Melvyn then had a variety of acting jobs including Bonzo the Dog in ‘Babes in the Wood’, before deciding: “I needed to learn my trade, and appeared in repertory theatre around the country. That was when I worked with two actors, who weren’t sure whether to carry on because the going was tough. One was Frank Finlay and the other Eric Woodward. I once told Eric I wish he had told me not to carry on.”
Melvyn eventually earned a film contract as well as appearing in dramas on stage. He said: “I had a variety of roles. I think I am the only actor to play young Frankenstein and Tarzan. It was only when I read the script I realised I had been cast as a ‘camp’ Tarzan. Peter Cushing and Oliver Read were also in the film, but I never saw it.”
Along with ‘It Ain’t Half Hot Mum’ Melvyn is perhaps best remembered for his role in films with Cliff Richard – initially ‘The Young Ones’ followed by ‘Summer Holiday’ and ‘Wonderful Life’. He said: “The Young Ones was a smash hit, but I decided I wasn’t going to do Summer Holiday because they wouldn’t guarantee me any billing on the advertising posters. I changed my mind about a month before filming started.”
He continued: “Making the films with Cliff was great fun because we were just a bunch of kids having a good time. With Summer Holiday suddenly there I was in Athens thinking ‘what am I doing here?’ and then we went to the Canary Islands for Wonderful Life.”
As we laughed about the good times, Melvyn had a quick coughing fit. With a typical one-liner, he joked: “Sorry I will try not to die on you!” Coughing over, he continued: “When we were on location for the ‘Cliff’ films we could order any food we liked. Instead, we would sneak into the restaurant at lunchtime and pinch oranges, apples and a bottle of wine and take then to our room so we could sit and play records. We could have picked up the phone and ordered room service, but we never thought of that.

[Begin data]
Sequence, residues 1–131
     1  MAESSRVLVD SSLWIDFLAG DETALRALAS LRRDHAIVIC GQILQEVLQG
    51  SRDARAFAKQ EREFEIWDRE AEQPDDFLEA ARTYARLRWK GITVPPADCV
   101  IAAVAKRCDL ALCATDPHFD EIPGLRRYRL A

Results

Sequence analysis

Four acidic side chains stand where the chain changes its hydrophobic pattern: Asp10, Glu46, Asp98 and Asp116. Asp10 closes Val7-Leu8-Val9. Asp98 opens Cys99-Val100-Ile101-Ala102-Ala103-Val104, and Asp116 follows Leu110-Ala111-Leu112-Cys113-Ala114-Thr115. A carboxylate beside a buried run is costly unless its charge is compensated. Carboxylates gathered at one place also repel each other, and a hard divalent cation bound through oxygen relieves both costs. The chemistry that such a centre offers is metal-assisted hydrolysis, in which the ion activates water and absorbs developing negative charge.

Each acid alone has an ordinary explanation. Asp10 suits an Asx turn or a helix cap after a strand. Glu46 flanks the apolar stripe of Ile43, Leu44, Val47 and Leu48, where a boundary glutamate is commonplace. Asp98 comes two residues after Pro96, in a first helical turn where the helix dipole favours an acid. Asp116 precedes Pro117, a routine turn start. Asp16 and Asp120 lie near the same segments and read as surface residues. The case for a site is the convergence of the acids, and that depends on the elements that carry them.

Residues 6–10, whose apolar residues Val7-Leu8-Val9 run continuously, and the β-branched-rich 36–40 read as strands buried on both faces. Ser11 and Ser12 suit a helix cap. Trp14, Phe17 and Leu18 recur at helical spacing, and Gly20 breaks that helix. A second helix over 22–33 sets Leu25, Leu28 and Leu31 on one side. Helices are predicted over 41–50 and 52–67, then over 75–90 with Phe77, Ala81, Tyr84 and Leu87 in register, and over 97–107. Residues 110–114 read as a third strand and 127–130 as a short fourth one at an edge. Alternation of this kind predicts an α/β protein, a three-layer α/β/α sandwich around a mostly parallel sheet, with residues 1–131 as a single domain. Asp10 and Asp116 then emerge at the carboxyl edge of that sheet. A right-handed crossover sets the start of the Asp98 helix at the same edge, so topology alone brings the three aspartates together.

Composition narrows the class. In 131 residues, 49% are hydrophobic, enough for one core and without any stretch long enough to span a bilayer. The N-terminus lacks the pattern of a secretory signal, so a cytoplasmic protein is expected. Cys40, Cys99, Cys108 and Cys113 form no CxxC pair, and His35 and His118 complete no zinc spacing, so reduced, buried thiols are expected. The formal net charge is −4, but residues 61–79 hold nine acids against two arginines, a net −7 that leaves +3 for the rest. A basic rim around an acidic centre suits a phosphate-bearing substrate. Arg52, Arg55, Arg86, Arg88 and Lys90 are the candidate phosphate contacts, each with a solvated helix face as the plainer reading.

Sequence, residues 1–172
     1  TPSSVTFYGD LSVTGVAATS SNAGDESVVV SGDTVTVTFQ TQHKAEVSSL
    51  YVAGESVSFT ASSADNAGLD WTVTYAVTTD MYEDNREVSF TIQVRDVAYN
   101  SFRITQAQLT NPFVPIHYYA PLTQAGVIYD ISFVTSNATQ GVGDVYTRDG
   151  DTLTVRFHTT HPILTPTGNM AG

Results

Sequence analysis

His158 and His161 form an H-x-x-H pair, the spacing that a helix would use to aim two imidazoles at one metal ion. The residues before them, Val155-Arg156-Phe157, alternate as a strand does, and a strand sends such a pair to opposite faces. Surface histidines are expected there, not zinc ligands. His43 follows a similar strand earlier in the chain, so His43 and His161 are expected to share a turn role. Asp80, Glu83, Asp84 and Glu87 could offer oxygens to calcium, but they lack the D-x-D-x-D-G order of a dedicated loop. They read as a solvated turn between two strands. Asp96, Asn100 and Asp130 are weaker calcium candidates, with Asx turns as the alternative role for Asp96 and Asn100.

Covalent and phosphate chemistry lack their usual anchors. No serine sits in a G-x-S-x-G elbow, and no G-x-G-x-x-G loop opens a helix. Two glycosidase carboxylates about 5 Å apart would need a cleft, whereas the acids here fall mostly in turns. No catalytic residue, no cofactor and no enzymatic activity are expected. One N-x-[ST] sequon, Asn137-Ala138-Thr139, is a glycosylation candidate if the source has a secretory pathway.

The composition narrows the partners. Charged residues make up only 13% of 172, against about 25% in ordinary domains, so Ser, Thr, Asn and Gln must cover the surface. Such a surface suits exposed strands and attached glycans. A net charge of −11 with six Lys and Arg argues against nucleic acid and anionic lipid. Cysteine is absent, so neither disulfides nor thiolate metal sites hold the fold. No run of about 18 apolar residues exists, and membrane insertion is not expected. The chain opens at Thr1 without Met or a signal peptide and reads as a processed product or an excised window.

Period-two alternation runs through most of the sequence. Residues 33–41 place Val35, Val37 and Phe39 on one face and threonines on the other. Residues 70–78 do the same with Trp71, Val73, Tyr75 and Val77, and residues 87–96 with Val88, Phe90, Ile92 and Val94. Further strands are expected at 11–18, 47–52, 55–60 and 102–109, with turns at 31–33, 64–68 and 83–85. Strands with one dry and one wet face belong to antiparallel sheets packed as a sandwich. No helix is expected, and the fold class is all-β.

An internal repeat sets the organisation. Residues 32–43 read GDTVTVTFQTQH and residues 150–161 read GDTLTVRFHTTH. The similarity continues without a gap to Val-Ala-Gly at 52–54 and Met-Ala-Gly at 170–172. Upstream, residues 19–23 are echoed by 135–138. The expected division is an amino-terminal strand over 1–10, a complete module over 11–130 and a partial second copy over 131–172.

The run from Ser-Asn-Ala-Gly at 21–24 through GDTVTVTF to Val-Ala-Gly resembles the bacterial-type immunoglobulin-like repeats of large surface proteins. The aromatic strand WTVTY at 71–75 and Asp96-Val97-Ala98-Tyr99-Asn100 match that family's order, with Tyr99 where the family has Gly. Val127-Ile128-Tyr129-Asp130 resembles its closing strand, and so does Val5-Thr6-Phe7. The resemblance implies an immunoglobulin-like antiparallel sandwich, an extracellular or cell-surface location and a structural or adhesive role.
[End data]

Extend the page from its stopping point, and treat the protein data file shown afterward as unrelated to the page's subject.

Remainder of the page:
“Cliff liked this banana liqueur drink that was there, and said he was taking some home with him. He opened his suitcase and it was full of the stuff. I told him he would have to pay duty on it, and he just nodded – of course he would pay the duty. But there I was, clutching my half bottle of brandy to take back; I wasn’t going to pay duty!”
“Cliff and I got on well. I once told him that every time I was interviewed I said he was a great guy, but he never said anything nice about me. He replied ‘that’s because you are not a nice guy’. I warned him that the next time I would have a go at him, and I jokingly told the New Musical Express magazine he was a right b****** who couldn’t care less about anyone. I told the girl who interviewed me I was only joking, but the whole article was published.
“I rang Cliff to ask him if he had seen the NME and he replied ‘I don’t read comics any more’. I told him about the story, and he said he knew one day I would stitch him up. He was always a very private person, who couldn’t dance or act in the beginning, but he worked very hard at it. We are still great friends. I saw him at Buckingham Palace only last year at a garden party.”
In the next edition: Melvyn talks about ‘It Ain’t Half Hot Mum’; why the BBC refuse to show it again, and his role of parent and foster parent.